Restart Excel and you’re good to go.

        1. Sorry, WordPress (probably rightfully so) removed the contents, here it is except I removed the opening tags from each line, so add those back in:

          ?xml version=”1.0″ encoding=”utf-8″ ?>
          defaultProxy useDefaultCredentials=”true”>
          proxy usesystemdefault=”true”/>

          1. 6/4/2014 Update. I can confirm the excel.exe.config file worked. I just copied a file from where excel.exe sits which is here. C:Program FilesMicrosoft OfficeOffice14 and just copied a file in there and named it noted above. Now, I am ready to blow some people minds!

  9. I got the 403 Forbidden error. After clicking “sign up” though on the Azure page for DateStream (it’s $0.00/mo) it let me access fine. It seems your account key is used to validate access to streams you have signed up for… Pretty confusing!

  10. Everyone on this comment thread to date who has been struggling with errors has now been connected with Microsoft to see what the problem is.

    Hopefully someone will report back on what they find out 🙂

  11. Hi Rob,

    Thanks for the great info you provide… I love these tables, except they are huge! I finally figured out how to get a filtered feed (even with the new changes to the Excel 2013).

    The trick is to edit the Azure connection, select advanced, and go to “Inline Service document”, where you will add the filter to each of the URLs in the form of a query string… Note: I copy the very long string and work with it in a Notepad(++)…

    An example filter from 2010 to 2030 will look like this:


    So a partial section of that line could look like this for example:

    For more detailed information look at this Boyan Penev post:

    I hope this is of value for someone. It took me some time to figure it out for 2013!

  12. Sorry but I couldn’t download your table, I get on the internet a message with error 403 error.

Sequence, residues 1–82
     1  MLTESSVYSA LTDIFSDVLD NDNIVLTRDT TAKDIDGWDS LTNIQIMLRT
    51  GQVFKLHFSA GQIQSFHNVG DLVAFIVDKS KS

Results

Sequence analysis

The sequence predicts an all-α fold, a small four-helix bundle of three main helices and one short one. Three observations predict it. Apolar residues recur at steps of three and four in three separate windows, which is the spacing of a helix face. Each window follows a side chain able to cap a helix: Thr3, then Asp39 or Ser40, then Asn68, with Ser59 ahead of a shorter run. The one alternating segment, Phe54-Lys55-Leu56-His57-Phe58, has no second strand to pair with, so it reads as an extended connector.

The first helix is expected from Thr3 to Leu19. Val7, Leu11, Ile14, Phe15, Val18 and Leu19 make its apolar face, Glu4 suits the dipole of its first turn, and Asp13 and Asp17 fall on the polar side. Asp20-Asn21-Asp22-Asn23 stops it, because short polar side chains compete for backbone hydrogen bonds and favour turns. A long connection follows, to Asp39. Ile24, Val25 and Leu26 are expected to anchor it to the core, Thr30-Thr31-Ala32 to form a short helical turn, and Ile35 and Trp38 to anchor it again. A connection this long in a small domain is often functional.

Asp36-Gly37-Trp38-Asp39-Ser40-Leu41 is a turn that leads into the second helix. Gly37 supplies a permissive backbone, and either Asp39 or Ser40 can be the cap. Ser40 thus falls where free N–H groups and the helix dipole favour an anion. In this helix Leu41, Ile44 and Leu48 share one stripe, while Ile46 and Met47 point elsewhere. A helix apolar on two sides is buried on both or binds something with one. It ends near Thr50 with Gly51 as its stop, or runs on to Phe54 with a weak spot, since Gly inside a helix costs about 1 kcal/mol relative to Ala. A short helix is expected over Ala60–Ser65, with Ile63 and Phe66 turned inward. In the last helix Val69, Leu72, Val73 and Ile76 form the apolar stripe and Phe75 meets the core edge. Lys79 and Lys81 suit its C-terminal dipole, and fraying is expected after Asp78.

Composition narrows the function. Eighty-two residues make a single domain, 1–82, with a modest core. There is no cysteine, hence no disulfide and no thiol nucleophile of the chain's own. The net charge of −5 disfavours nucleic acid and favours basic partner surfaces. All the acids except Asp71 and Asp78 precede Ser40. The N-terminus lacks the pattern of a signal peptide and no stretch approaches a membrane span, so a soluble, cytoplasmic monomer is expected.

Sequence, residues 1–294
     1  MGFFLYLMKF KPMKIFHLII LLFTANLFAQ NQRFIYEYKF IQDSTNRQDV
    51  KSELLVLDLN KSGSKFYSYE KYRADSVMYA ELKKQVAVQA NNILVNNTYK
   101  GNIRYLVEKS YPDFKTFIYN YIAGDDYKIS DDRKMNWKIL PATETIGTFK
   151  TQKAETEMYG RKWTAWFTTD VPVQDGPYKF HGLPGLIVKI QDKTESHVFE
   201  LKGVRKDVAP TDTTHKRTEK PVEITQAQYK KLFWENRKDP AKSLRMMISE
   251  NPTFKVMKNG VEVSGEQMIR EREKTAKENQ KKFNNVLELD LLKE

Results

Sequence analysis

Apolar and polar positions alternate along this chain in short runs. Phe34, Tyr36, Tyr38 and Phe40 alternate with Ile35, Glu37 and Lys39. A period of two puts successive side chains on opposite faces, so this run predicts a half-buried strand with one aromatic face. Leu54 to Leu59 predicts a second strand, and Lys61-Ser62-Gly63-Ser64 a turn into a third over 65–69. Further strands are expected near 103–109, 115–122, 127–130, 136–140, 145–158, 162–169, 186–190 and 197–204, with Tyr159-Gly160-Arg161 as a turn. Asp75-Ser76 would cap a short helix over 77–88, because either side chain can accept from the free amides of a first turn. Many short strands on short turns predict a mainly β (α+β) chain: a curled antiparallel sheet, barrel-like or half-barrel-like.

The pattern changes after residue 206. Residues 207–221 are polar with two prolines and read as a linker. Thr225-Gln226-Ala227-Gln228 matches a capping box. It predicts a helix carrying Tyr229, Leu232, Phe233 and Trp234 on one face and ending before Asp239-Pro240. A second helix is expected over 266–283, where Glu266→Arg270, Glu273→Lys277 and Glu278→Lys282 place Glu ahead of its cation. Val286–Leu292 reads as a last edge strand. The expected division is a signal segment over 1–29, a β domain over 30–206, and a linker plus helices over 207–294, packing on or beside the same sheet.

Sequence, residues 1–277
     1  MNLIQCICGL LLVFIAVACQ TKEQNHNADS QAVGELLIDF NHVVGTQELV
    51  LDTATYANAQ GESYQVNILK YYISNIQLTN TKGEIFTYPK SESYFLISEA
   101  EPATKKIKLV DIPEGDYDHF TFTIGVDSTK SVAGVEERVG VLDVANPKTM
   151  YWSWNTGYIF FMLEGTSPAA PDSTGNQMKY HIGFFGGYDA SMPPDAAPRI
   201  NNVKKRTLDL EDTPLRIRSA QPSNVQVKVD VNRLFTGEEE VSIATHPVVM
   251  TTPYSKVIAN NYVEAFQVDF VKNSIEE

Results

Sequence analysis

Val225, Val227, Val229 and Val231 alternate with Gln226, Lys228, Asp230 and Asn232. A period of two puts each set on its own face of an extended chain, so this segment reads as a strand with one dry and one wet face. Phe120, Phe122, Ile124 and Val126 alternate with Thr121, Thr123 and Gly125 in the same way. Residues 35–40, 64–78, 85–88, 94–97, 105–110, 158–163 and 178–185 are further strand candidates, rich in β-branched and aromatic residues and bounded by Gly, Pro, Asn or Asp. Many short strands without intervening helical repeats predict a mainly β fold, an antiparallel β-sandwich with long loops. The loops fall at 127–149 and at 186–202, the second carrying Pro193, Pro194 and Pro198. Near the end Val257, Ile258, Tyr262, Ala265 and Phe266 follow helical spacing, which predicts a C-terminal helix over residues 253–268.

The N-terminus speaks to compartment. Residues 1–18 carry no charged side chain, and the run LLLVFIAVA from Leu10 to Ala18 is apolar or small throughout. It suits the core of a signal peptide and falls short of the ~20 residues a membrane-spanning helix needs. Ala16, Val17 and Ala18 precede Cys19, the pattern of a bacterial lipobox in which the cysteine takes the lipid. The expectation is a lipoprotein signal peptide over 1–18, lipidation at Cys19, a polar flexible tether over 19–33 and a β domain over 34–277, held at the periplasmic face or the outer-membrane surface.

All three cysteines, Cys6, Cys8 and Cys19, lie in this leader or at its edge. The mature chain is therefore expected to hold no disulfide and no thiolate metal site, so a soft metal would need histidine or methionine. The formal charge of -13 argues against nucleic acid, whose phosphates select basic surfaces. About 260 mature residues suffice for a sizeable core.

Could you help me?

  13. Thanks for this very useful blog. I successfully connected to Azure from Power Pivot and downloaded the DateStream table but had one small problem. I used timrodman instructions from July 26, 2013 at 4:09 pm to filter the data to year >=2000. This worked perfectly in Azure but Power Pivot downloaded all the data ie – from 1900. Eventually I had to save the filtered date set as a csv and load to Power Point separately. So my questions are:
    1. how do I get Power Pivot to recognize the filtered data in Azure?
    2. how do I get Azure to save my filter instructions so I don’t have to re-enter the filter each time I log in to Azure?

  14. I signed up for an account and subscribed plus I created the excel.exe.config file as described above and still nothing works. In fact, I had to go back and delete that new config file because I couldn’t open Excel after that. Still just get an ‘unauthorized’ error when trying to get the date files. I would still like to use them though if there are any other suggestions.

  15. Is there a way to permanently disable refreshes with pivot tables or the connection? I have tried removing the connections; however, that deletes the entire date table from powerpivot and breaks all the pivot tables.

    Since this is a date table, there wouldn’t be a need to connect to the datastream after the initial download. The datastream date table is linked to several other tables which are used in pivots and the refresh times becoming problematic with the amount of rows imported from the datastream.

  16. Thanks for the table. Now I just have to tweak it as I’m in one of the many organization that uses fiscal years. I imagine it’s just a matter of creating more columns for Fiscal Year, Fiscal Month (fiscal weeks) and connecting those to the actual date field which is the same in a fiscal or regular calendar logic.

  17. In PowerBI Desktop, you can use CALENDAR(MINX(‘Sales'[OrderDate]),MAXX(‘Sales'[ShipDate])), and it will generate a calendar hierarchy (albeit limited) for you… and then you can follow along with F & R’s book and build out your other columns… I wonder when/if that will be included in Excel… (could be in 2016… don’t know!)

  18. What options are available now that this one will be eliminated at the end of March 2017? My labor efficiency report is tied to this and it no longer works. Thanks!

    1. Personally I like the Power Query method best (well, I like the “have a database pro give me one” method even better, but failing that…)

      I really like using PQ since it lets me constrain the dates to perfectly match my latest data.

      It’s in the PQ chapter of the 2nd edition of our book, but I’m sure you can also find it via Dr. Google (maybe even on this site, but if not, definitely on other sites).

  19. I am working with monthly data, no sales, but data related to Health and Safetyand want to compare YTD with months and years. Do not know waht kind of calendar I should use to get these comparisons? 🙁

  20. I’m still having this issue after the Excel.exe.cfg file and I can sign in to that page i.e. I think I have an account) .. any other thoughts / solutions? I’m using Excel 2010 with the latest PP and PQ addins (downloaded Friday Aug 11)